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Using family planning counseling to reduce number of HIV-positive children in Africa

More news from the International AIDS Conference: Stanford researchers have presented findings showing that family planning counseling could be a cost-effective way to help minimize the number of children born HIV-positive in sub-Saharan Africa. The study involved 98 HIV-positive women - two-thirds of whom attended three 90-minute group courses on family planning, sexual negotiation, and self-esteem building. My colleague Ruthann Richter, who has been reporting from the conference, writes:

According to [Clea Sarnquist, DrPH, MPH, a senior research scholar in pediatrics] and her colleagues, about 40 percent of pregnancies in sub-Saharan Africa are unplanned. Such unwanted pregnancies could be prevented if women relied on long-acting forms of contraception — such as the intra-uterine device, or IUD, or hormonal implants — rather than birth control pills or diaphragms. Indeed, the researchers found that [three months] after receiving group counseling almost 90 percent of the HIV-positive women in the study chose a long-acting form of contraception.

The women in the study, which was conducted in a suburban region of Zimbabwe, also said they felt a greater sense of power in negotiating sexual activity, including condom use, and were more open with their partners about their HIV status, the researchers reported.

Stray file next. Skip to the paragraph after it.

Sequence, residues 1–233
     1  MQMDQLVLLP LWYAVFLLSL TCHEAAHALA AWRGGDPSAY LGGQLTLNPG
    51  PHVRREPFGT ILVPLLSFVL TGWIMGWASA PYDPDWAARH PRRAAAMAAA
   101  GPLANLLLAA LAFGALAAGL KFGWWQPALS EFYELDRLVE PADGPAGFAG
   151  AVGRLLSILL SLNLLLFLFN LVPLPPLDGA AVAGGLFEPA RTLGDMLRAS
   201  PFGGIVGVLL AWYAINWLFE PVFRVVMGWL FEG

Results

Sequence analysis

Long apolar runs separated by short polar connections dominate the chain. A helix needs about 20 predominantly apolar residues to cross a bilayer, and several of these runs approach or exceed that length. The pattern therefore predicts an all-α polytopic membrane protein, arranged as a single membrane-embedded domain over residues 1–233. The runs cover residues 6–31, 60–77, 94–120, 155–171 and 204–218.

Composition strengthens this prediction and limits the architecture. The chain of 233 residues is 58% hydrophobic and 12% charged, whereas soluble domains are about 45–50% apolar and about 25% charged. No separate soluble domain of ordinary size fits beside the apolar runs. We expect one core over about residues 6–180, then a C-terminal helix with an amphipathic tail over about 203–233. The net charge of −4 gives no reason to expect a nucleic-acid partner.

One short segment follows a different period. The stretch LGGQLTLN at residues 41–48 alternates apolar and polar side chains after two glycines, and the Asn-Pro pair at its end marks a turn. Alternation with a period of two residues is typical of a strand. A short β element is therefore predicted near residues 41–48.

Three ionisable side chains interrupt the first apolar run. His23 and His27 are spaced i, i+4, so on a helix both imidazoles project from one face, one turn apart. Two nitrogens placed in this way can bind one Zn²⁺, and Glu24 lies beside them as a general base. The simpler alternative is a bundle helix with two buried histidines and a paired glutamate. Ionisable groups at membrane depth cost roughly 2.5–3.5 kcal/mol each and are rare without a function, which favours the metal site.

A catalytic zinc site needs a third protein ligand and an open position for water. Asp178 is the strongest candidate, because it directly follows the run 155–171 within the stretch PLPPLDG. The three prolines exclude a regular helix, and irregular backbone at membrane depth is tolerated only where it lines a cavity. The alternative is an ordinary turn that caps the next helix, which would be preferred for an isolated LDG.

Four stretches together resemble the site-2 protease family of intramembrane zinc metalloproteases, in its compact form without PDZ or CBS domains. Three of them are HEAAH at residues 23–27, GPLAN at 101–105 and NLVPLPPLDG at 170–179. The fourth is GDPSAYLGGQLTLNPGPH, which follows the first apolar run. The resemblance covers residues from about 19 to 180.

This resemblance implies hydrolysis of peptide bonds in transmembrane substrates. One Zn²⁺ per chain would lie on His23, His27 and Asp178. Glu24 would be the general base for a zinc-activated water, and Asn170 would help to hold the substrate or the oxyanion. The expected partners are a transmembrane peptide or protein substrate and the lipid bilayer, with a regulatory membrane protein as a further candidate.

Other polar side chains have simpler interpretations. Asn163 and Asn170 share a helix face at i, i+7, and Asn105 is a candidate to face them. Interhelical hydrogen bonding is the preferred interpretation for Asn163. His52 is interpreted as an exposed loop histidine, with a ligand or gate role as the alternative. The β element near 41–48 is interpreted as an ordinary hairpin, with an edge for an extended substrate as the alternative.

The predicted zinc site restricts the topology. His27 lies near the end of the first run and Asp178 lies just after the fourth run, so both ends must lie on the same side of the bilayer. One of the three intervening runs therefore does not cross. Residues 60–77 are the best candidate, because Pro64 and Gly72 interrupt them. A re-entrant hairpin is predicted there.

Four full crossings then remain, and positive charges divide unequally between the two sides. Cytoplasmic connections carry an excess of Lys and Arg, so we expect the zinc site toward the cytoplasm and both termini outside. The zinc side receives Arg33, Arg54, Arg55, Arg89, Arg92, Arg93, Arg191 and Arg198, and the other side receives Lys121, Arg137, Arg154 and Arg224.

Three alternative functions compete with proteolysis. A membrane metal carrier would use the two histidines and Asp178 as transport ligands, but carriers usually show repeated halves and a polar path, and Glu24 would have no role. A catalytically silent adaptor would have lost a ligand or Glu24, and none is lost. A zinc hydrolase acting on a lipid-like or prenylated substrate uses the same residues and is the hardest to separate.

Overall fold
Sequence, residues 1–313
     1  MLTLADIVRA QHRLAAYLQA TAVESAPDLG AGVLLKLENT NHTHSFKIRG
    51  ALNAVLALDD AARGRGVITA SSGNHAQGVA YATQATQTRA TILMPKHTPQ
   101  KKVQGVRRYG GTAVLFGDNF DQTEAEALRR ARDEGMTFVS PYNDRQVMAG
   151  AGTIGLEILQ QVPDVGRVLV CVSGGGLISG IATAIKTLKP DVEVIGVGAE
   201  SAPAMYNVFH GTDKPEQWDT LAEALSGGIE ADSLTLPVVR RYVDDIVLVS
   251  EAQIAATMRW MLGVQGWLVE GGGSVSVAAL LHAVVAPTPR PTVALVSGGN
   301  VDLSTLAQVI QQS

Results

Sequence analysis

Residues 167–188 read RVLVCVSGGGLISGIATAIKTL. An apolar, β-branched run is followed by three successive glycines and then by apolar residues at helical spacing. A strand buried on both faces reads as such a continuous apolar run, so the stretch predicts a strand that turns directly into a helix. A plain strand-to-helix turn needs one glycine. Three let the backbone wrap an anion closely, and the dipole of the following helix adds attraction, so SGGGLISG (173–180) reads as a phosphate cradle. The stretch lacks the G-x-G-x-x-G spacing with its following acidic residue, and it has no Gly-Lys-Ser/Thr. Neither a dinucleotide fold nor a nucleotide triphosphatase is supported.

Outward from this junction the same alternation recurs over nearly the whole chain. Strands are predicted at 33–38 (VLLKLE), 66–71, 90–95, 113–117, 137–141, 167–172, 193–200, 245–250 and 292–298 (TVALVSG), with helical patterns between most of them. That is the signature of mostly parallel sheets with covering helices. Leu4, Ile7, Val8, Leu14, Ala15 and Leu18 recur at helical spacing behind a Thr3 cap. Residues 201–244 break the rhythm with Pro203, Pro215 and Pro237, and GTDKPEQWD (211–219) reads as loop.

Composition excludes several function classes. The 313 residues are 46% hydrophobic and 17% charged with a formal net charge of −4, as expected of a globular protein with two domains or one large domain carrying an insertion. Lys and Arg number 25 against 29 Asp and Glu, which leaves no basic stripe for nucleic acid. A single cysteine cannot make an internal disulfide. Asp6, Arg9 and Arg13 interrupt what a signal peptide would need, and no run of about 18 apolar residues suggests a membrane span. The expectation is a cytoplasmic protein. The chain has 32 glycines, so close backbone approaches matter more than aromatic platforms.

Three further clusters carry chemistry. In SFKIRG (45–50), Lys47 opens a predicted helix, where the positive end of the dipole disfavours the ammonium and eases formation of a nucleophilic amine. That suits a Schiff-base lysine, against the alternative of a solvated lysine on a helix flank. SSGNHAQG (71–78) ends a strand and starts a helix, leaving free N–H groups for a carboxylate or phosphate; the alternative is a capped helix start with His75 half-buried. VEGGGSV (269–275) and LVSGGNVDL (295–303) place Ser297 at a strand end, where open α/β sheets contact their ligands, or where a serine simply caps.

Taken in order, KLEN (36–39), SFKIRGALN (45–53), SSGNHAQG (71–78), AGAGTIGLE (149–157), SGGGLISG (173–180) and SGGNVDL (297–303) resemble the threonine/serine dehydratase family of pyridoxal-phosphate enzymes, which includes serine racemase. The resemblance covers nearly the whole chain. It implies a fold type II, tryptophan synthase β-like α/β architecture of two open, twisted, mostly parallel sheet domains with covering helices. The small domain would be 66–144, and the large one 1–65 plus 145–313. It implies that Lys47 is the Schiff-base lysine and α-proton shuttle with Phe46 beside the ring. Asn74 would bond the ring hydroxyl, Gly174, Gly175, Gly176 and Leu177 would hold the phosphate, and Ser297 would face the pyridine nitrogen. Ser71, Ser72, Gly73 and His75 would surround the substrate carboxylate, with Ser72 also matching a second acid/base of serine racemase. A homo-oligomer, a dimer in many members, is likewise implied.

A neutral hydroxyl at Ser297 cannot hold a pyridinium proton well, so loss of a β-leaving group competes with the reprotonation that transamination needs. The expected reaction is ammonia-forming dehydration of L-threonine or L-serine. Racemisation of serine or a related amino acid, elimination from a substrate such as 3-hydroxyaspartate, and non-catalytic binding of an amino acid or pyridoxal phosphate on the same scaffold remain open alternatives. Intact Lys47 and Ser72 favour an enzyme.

Sarnquist, who is hoping to expand the study to a larger population of women who could be followed over a longer period of time, said of the significance of this work, "If you can help prevent HIV-positive women from having unplanned children, obviously you're going to prevent unnecessary HIV transmission."

Previously: International AIDS Conference Day Four: Focusing on a vaccineInternational AIDS Conference Day Three: Daring to talk about a cure, International AIDS Conference Day Two: Hillary Clinton envisions AIDS-free generationInternational AIDS Conference: Day OneWHO’s new recommendations on contraceptive use and HIV and New book shows the pain and hope of AIDS orphans

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